CANNES — At the start of Cannes, I was overwhelmed by all of the articles and books giving advice on everything from how to find gap financing to locating reliable Croisette dogwalkers.

These Cannes “dos and don’ts” are sometimes helpful, but coming out of the fest, I can confidently give you a few more instructive lessons based on this year’s activities. These are this year’s Cannes “dids and didn’ts”:

  • Joel Silver, Warner Bros and their handsome cast did launch “The Matrix: Reloaded” with a bang that resounded across the Cote d’Azur and helped propel huge global grosses.

  • The Wachowski brothers, however, didn’t fly in to face the frenzied fans and press. They need to get a grip and remember their name is Wachowski, not Kieslowski. Latter always made it to Cannes to get grubby with the sunbaked hoi-polloi. The Wachowskis are the guys who made a couple of cool films and sure, they’ve got a billion-dollar franchise to complete, but aren’t these the two hottest filmmakers in Hollywood? Can’t they get away from their homework and dress up in Cannes for a couple of days?

  • Arnold Schwarzenegger did hit town and light up the Carlton Terrace to promote “T3.” From the MTV party to the press grillings and photo ops, Arnie was as tireless and indefatigible as any Terminator and a reminder to stars with half his hits that this is how to make your career last longer than your last blockbuster’s running time.

  • But Sony didn’t deliver the goods, switching the announced screening of a “T3” promo reel from 20 minutes to seven minutes, to hasta la vista. That move was a monumental dud that put a dent in plans to roll the pic out of Cannes and conquer the world. There’s nothing like changing the game plan in front of 5,000 journos.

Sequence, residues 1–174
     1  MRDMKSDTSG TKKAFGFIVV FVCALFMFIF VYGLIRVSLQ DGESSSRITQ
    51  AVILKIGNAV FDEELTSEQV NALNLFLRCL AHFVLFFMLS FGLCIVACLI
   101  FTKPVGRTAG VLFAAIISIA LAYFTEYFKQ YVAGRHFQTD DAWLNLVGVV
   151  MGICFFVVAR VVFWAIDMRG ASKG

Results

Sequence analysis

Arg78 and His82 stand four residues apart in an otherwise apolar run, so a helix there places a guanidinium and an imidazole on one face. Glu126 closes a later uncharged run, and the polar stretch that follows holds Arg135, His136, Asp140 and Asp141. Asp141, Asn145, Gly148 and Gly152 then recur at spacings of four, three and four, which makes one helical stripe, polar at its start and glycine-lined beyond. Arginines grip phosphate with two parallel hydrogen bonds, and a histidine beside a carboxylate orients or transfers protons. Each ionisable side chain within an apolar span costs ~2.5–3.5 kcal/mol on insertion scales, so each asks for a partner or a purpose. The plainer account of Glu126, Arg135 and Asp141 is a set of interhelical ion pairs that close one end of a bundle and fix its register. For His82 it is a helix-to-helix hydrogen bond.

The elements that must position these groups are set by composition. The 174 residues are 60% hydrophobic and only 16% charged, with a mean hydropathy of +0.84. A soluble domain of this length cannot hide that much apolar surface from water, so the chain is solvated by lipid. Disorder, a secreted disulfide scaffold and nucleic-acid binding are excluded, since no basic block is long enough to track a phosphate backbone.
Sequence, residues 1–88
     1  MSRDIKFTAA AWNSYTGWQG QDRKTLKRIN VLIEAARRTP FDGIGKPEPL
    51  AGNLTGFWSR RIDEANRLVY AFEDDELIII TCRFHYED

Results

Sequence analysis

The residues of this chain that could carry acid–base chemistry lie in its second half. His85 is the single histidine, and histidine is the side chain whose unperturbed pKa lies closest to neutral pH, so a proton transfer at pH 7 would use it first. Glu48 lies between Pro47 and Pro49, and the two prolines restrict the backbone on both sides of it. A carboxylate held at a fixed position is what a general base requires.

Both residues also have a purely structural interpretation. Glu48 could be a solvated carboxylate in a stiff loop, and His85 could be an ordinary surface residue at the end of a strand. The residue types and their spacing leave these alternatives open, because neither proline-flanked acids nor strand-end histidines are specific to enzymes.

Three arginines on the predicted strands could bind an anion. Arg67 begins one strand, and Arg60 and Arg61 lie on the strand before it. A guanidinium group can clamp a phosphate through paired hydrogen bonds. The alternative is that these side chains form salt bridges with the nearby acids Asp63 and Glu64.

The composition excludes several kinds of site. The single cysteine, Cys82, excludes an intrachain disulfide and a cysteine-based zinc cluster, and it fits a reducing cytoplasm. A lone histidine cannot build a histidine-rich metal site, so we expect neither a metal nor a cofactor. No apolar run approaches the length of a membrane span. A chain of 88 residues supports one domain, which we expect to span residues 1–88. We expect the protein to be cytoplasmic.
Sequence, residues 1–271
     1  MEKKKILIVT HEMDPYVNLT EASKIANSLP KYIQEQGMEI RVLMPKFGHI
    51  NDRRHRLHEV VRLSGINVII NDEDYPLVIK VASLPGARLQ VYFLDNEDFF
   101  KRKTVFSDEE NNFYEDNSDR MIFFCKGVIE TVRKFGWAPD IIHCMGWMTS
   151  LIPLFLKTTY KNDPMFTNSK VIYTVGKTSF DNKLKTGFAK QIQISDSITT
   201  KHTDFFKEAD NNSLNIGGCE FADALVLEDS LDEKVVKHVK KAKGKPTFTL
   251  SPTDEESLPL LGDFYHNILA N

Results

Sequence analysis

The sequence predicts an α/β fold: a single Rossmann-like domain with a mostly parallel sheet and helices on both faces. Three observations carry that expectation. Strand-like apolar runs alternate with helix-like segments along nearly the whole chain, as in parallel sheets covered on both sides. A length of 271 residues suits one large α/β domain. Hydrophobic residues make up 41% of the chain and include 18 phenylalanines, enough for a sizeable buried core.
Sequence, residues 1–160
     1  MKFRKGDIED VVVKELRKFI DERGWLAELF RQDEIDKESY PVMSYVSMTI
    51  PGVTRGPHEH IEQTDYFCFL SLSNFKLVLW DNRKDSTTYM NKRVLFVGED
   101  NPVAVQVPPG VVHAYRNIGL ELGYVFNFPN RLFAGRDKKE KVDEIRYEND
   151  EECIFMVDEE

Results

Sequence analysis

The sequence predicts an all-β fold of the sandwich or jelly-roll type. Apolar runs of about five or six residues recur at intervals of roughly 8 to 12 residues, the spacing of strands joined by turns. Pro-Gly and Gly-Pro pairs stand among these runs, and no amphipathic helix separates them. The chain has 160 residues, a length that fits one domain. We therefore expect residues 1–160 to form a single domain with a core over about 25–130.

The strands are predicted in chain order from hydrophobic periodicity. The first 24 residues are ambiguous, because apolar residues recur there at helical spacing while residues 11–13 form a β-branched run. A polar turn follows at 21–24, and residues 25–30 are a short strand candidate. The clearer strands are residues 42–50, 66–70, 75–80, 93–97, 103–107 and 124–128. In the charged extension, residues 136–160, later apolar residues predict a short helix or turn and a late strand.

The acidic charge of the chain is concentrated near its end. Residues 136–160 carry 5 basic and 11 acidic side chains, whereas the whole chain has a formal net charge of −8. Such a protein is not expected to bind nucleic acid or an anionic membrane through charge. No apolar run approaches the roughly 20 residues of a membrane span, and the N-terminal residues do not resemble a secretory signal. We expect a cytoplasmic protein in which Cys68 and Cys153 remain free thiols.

• Colin Callender and his HBO Films gang did deliver on the promise made at last year’s Cannes. He said they’d make movies for bigscreens, give filmmakers creative control and win accolades. And voila! A year later he had Gus Van Sant’s terrific “Elephant” in competition and “American Splendor,” the latest success from HBO Independent Prods., in the fest.

  • Gilles Jacob and Thierry Fremaux did deliver the 56th Cannes with dignity and panache and Mother Nature did provide the best weather in memory.

  • Unfortunately, thanks to the vicissitudes of global art film production the official competition didn’t deliver much in the way of standouts. This year it looks like the smiling man on the Lido has the lucky hand and Venice is poised to rake in all of the films that weren’t ready for Cannes.

  • The U.K. filmmaking contingent did hustle, sell and promote some 16 films in the market, of which a neat half-dozen were burning up the beachside with sales and kudos. “Calendar Girls,” the “Bright Young Things” promo, “The Mother,” “Kiss of Life” and “Young Adam” were chalking up sales and reviews were strong to rapturous.

  • But the U.K. press probably didn’t appreciate these strides and will likely try to take the sparkle off the champagne.

Here’s to more Cannes-do spirit next year.